Improving pregnant women’s dental health is one approach to stop cavities in early children from developing. During pregnancy, women may be more prone to periodontal disease and cavities. Given that poor oral health during pregnancy can result in poor health outcomes for the mother and baby, dental health may be considered an important component of prenatal care. A variety of eye-catching materials are included in Protect Tiny Teeth, along with advice on how pregnant women and new mothers can safeguard their oral health as well as the oral health of their newborns, in an effort to raise awareness that oral health should be a part of prenatal care.
Birth defects and gum disease.
Gingivitis, an early stage of periodontal disease that manifests as red, swollen gums from inflammation that may be compounded by shifting hormones during pregnancy, affects between 60 to 75 percent of pregnant women. If gingivitis is not treated, the gums may get infected and the bone supporting the teeth may deteriorate. Little bone support means that teeth may eventually become loose and require extraction. Poor pregnancy outcomes, including preterm birth and low birth weight, have also been linked to periodontitis. However, it is still unclear how periodontitis could contribute to unfavourable pregnancy outcomes.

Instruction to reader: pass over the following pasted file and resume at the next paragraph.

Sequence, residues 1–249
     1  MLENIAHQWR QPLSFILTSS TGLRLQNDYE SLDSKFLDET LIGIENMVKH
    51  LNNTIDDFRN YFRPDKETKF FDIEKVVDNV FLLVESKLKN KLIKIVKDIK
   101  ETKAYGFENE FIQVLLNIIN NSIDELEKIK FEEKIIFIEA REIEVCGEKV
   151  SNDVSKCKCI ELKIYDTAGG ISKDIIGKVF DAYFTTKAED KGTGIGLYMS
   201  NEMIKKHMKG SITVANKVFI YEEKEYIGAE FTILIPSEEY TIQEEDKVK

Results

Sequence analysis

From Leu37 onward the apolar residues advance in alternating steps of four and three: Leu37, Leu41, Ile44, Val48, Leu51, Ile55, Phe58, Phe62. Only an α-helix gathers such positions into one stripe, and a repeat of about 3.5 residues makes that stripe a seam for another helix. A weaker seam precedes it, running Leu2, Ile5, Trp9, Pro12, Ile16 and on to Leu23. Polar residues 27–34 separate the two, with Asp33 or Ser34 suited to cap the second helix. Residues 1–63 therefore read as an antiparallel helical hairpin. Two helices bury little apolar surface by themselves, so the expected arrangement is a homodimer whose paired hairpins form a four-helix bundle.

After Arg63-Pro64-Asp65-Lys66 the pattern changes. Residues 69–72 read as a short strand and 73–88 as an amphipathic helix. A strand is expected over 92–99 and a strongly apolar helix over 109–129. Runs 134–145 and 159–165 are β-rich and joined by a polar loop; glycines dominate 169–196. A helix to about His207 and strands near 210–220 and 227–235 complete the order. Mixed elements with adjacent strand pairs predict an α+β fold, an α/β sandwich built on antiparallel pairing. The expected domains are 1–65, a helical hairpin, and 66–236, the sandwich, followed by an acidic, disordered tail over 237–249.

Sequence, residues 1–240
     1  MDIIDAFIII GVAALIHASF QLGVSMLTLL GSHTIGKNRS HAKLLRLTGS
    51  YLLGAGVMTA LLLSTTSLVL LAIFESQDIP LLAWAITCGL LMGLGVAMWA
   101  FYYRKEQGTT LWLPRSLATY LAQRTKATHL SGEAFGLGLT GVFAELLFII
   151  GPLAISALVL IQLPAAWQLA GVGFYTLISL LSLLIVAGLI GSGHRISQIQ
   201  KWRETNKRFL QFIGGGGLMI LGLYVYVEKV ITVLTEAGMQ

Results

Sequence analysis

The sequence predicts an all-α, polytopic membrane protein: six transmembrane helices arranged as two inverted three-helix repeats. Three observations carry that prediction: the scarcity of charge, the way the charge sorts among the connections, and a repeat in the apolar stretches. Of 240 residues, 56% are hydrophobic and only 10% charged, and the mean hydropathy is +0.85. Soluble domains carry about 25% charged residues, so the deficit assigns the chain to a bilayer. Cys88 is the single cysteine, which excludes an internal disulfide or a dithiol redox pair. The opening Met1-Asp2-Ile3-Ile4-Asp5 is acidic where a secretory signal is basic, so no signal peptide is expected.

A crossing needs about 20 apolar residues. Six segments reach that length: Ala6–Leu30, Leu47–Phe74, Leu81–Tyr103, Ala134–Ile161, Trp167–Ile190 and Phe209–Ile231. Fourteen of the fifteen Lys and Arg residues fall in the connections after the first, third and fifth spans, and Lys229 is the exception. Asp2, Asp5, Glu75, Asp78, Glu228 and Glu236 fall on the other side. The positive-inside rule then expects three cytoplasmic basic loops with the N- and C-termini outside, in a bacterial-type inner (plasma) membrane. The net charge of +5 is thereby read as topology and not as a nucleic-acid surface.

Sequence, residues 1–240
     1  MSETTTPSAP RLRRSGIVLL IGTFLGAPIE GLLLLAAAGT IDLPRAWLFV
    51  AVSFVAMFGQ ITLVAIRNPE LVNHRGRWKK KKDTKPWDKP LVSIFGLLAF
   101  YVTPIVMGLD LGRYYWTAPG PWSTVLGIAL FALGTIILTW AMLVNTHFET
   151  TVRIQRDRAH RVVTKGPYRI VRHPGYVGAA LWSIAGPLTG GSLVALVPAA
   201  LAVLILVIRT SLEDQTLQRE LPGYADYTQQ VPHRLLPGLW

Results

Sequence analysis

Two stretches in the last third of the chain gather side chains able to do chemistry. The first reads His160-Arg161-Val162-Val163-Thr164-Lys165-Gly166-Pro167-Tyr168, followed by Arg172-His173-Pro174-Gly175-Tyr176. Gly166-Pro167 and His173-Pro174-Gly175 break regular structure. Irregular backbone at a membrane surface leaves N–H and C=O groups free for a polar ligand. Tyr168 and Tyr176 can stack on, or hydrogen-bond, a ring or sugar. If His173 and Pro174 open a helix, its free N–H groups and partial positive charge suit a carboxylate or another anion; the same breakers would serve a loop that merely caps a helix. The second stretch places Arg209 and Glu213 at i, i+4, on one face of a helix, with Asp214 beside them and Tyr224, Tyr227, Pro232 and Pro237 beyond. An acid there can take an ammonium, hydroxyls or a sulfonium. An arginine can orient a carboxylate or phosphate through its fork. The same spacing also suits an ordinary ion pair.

Dental cavities and pregnancy
Due to changes in behaviour, such as eating habits, pregnant women may also be more susceptible to cavities. Women who have a lot of cavity-causing bacteria in their mouths before and after giving birth run the risk of passing these germs to their unborn child’s mouth. Early exposure to these bacteria and other carbohydrates, such as through frequent snacking or taking a bottle to bed, can cause cavities in young children who then require substantial dental treatment.
- One out of every four women of childbearing age suffers from untreated cavities.
- More than three times as likely to develop cavities as children are children of moms with high levels of untreated cavities or tooth loss.
- Children who have poor oral health are almost three times more likely to miss school due to dental discomfort.
How to Preserve Small Teeth
Primary care, paediatric, and maternity services at Shreya Hospital could think about giving closer emphasis to dental health. Pregnant women, mothers, and her healthcare providers can have simpler talks by using Protect Tiny Teeth, a resource for oral health messaging. In order to raise awareness that dental health should be a component of prenatal care and to provide parents with advice on how to safeguard their infants’ oral health, Protect Tiny Teeth contains a variety of attention-grabbing items.